Cannabis terpenes are organic molecules made up of one or more 5-carbon isoprene units. C. sativa produces mainly monoterpenes (two isoprene units) and sesquiterpenes (three isoprene units), which make up 48–92% and 5–49% of the plant’s terpene content, respectively (1). Terpenes, which are extremely volatile, are responsible for the odor and flavor of cannabis. C. sativa is only one of many plants that produce terpenes; in fact, terpenes are the primary active constituent in most essential oils (EOs). Because many terpenes are synthesized by plants other than C. sativa, comparatively more data on terpenes is available than on alternative cannabinoids. However, much of the available data is derived from studies on EOs and not pure terpenes (9). Although in some cases, a particular terpene makes up as much as 95% of the EO tested (10), we cannot exclude the possibility that another chemical constituent of the EO acting in synergy with that terpene is responsible for the pharmacological effects observed.

Both cannabinoid and terpene production depend on strain, sex, age, plant part, and growth conditions. Harvest methods and post-harvest conditions also affect terpene and cannabinol (CBN) content (1). Terpenes and cannabinoids are both mainly stored in glandular trichomes (11,12). Terpenes constitute up to 4% of cannabis flower dry weight, while cannabinoids constitute up to 30% (13).

The following paragraphs will discuss health benefits of specific cannabinoids and terpenes. It is important to keep in mind cannabis science is an emerging field and most available data is extremely preliminary. Double-blind, randomized, placebo-controlled clinical trials have not been conducted, limiting our ability to draw conclusions at present. Almost all evidence collected to date on cannabinoids is either from animal models, cell culture (in vitro), or purely biochemical or molecular. It is therefore impossible to extrapolate even approximate human dosage equivalents from the most rigorous of these studies. This is especially true given animal studies most often administer drugs of interest intravenously, subcutaneously, or parenterally, whereas patients often administer medical cannabis products through inhalation. Data from in vitro studies is equally limited in its utility for human patient applications, often drawing conclusions from only one cell type that is incubated in a container for a specific length of time with specific concentrations of the compound of interest. Molecular and biochemical data (for example, receptor binding, gene, and protein expression) will not be considered in this review because of  the even greater difficulty of providing context for their interpretation.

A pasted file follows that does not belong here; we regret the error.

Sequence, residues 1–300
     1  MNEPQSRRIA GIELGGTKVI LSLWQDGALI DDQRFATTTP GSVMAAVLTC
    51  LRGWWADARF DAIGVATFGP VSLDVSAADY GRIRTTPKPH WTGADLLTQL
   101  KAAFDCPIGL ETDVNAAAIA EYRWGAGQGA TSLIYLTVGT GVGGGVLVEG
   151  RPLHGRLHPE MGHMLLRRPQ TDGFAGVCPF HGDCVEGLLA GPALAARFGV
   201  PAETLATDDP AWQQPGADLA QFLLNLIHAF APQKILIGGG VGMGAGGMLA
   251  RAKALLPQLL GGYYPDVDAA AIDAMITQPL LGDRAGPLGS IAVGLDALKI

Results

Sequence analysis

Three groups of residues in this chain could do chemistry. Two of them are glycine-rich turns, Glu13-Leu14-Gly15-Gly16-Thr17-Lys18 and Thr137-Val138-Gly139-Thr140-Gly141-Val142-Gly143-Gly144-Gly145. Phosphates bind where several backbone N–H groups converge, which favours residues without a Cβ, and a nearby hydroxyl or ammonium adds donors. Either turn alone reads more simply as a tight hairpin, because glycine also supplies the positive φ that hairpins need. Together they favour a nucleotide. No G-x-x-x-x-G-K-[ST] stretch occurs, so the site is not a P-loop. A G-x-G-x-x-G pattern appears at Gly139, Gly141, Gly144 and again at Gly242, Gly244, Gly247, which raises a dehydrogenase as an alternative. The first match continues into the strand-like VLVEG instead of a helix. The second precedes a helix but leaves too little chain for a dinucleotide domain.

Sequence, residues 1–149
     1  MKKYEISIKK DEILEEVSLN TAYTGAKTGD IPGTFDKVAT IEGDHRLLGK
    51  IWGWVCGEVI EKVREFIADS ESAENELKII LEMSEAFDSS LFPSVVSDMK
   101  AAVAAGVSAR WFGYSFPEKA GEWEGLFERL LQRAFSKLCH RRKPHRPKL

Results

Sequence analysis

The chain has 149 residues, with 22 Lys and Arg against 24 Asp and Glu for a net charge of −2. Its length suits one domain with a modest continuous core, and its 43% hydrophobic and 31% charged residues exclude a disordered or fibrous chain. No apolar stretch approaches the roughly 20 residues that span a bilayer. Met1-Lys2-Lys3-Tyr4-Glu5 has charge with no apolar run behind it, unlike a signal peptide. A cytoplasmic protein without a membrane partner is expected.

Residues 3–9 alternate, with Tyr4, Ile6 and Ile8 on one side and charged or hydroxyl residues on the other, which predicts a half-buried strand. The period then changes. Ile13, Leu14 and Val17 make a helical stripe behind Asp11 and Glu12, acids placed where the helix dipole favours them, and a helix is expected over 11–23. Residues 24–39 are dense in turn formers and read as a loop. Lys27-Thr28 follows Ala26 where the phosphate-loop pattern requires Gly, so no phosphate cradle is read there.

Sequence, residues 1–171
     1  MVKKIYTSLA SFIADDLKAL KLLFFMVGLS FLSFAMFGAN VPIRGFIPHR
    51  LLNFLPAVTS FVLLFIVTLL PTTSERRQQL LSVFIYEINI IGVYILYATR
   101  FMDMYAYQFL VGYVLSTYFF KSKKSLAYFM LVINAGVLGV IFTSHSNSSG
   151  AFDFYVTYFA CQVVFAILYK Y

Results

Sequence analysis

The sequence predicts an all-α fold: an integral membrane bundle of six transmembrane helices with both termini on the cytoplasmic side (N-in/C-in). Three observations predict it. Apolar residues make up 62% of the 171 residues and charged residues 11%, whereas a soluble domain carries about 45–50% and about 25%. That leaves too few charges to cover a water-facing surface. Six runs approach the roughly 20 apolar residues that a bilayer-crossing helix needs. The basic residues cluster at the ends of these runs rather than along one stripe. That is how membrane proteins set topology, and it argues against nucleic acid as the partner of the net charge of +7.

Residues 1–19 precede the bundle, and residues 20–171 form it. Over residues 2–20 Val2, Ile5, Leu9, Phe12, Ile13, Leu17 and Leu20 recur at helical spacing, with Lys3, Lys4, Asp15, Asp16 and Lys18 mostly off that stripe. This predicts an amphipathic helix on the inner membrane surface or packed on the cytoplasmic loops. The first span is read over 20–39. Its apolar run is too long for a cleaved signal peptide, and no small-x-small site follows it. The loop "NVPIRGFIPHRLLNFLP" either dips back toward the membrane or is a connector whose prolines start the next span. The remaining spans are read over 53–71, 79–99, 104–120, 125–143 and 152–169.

Compounding the challenges of interpreting in vitro and animal studies is the variability in cannabinoid and terpene content in different cannabis strains and preparations. Clinical trials involving multiple commercial strains, alternative medical cannabis products, and single and polycompound extracts are urgently needed. Crucially, the lack of human studies signifies an absence of data on adverse effects or events. Therefore, it is imperative that patients should only attempt to medicate with cannabis products while under the supervision of an experienced and knowledgeable physician.